Motifs in A Passage to India:
The echo begins at the Marabar Caves: first Mrs. Moore and then Adela hear the echo and are haunted by it in the weeks to come. The echo’s sound is “boum” -a sound it returns regardless of what noise or utterance is originally made. This negation of difference embodies the frightening flip side of the seemingly positive Hindu vision of the oneness and unity of all living things. If all people and things become the same thing, then no distinction can be made between good and evil. No value system can exist. The echo plagues Mrs. Moore until her death, causing her to abandon her beliefs and cease to care about human relationships. Adela, however, ultimately escapes the echo by using its message of impersonality to help her realize Aziz’s innocence.
Eastern and Western Architecture:
Forster spends time detailing both Eastern and Western architecture in A Passage to India. Three architectural structures-though one is naturally occurring-provide the outline for the book’s three sections, “Mosque,” “Caves,” and “Temple.” Forster presents the aesthetics of Eastern and Western structures as indicative of the differences between the respective cultures as a whole. In India, architecture is confused and formless: interiors blend into exterior gardens, earth and buildings compete with each other, and structures appear unfinished or drab. As such, Indian architecture mirrors the muddle of India itself and what Forster sees as the Indians’ characteristic inattention to form and logic.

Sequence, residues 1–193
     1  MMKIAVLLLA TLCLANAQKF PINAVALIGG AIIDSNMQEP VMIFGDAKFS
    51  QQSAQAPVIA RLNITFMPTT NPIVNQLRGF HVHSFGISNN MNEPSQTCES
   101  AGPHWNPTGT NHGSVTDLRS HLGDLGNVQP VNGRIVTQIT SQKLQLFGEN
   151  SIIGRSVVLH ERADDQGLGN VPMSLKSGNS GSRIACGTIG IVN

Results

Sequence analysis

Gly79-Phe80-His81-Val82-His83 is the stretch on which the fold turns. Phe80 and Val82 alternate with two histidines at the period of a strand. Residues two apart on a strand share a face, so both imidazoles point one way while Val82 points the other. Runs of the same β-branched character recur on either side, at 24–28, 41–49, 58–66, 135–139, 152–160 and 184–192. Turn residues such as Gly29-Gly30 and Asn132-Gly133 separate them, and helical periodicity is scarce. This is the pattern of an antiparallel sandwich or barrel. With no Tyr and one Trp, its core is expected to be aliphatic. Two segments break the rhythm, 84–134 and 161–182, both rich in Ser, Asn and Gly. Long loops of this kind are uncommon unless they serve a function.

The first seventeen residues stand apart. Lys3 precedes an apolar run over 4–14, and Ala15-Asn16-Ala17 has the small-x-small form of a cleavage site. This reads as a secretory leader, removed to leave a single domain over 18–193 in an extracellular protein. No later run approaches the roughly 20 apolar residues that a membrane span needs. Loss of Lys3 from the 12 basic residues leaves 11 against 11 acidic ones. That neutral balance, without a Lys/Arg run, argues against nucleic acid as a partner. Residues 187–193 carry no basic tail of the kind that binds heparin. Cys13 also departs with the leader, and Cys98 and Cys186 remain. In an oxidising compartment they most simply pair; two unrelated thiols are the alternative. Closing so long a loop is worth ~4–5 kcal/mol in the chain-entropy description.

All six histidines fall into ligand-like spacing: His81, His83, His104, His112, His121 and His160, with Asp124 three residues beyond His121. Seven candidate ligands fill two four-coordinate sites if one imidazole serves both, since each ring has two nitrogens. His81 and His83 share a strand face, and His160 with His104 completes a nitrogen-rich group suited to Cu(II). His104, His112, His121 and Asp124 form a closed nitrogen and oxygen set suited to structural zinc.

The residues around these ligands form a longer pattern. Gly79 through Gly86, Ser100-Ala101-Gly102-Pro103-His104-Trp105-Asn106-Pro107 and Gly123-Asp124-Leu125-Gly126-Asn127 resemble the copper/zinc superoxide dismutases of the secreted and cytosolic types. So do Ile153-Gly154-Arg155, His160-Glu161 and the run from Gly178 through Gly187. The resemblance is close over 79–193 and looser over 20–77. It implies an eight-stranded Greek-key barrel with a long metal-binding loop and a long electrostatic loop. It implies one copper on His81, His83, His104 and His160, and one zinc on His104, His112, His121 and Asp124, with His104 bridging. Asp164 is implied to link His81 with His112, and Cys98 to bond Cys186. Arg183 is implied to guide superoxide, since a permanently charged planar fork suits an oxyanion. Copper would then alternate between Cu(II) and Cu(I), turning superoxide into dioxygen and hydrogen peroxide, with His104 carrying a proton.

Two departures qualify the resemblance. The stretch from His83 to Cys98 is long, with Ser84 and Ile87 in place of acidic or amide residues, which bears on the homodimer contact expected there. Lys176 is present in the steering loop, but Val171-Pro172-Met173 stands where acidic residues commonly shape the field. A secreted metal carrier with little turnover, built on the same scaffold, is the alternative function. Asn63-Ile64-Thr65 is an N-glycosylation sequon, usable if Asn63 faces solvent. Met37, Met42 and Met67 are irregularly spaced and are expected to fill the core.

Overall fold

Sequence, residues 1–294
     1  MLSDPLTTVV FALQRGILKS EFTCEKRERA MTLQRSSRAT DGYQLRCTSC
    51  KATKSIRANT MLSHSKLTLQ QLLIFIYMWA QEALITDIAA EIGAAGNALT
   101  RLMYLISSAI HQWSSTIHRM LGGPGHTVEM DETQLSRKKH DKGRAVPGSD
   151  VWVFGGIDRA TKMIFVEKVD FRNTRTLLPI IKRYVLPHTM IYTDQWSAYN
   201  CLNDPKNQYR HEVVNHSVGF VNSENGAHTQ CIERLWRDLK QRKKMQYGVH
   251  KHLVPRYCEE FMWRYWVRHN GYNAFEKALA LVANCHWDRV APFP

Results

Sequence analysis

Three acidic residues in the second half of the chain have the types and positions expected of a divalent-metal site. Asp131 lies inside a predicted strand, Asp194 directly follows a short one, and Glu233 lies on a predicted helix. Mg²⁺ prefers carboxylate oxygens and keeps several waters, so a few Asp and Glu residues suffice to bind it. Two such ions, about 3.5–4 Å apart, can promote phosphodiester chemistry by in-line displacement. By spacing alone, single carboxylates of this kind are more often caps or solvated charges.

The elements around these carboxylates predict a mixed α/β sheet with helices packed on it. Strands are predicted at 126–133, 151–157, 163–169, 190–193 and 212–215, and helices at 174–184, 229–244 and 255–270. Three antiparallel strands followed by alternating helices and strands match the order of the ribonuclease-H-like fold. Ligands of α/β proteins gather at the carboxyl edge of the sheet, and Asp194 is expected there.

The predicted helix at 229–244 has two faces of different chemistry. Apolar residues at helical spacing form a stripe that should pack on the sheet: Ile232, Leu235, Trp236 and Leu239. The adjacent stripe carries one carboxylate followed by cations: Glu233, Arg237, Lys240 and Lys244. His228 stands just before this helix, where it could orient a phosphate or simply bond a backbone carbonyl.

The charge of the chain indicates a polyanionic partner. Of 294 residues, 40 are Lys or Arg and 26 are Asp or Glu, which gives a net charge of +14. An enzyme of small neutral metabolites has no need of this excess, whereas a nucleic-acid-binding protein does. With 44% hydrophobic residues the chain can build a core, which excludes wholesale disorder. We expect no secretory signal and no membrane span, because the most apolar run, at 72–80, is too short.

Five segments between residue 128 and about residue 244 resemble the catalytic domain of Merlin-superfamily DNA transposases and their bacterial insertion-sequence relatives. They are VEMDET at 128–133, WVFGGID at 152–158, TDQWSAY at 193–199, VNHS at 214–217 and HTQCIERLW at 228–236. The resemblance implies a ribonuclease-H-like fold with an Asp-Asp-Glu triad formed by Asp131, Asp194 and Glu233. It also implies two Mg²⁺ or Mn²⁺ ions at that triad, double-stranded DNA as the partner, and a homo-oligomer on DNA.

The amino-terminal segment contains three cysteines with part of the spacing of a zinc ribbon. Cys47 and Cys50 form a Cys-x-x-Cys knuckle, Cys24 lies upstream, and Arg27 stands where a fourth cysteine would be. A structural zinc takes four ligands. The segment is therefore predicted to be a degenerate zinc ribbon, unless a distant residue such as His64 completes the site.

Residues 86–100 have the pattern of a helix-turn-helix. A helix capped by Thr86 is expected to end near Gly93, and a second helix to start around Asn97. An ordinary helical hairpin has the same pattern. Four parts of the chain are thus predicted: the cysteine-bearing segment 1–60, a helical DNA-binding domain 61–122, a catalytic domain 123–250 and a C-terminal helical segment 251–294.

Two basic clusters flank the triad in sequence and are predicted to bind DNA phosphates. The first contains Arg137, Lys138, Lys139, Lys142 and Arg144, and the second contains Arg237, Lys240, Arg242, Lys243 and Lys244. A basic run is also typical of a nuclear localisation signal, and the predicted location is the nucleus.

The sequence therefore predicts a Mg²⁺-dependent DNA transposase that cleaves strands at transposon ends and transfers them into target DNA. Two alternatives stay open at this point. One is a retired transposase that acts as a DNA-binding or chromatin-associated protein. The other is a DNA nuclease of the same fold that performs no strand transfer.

Occasionally, however, Forster takes a positive view of Indian architecture. The mosque in Part I and the temple in Part II represents the promise of Indian openness, mysticism, and friendship. Western architecture, meanwhile, is described during Fielding‘s stop in Venice on his way to England. Venice’s structures, which Fielding sees as representative of Western architecture in general, honor form and proportion and complement the earth on which they are built. Fielding reads in this architecture the self-evident correctness of Western reason-an order that, he laments, his Indian friends would not recognize or appreciate.
At the end of Fielding’s tea party, Godbole sings for the English visitors a Hindu song, in which a milkmaid pleads for God to come to her or to her people. The song’s refrain of “Come! come” recurs throughout A Passage to India, mirroring the appeal for the entire country of salvation from something greater than itself. After the song, Godbole admits that God never comes to the milkmaid. The song greatly disheartens Mrs. Moore, setting the stage for her later spiritual apathy, her simultaneous awareness of a spiritual presence, and lack of confidence in spiritualism as a redeeming force. Godbole seemingly intends his song as a message or lesson that recognition of the potential existence of a God figure can bring the world together and erode differences—after all, Godbole himself sings the part of a young milkmaid. Forster uses the refrain of Godbole’s song, “Come! come,” to suggest that India’s redemption is yet to come.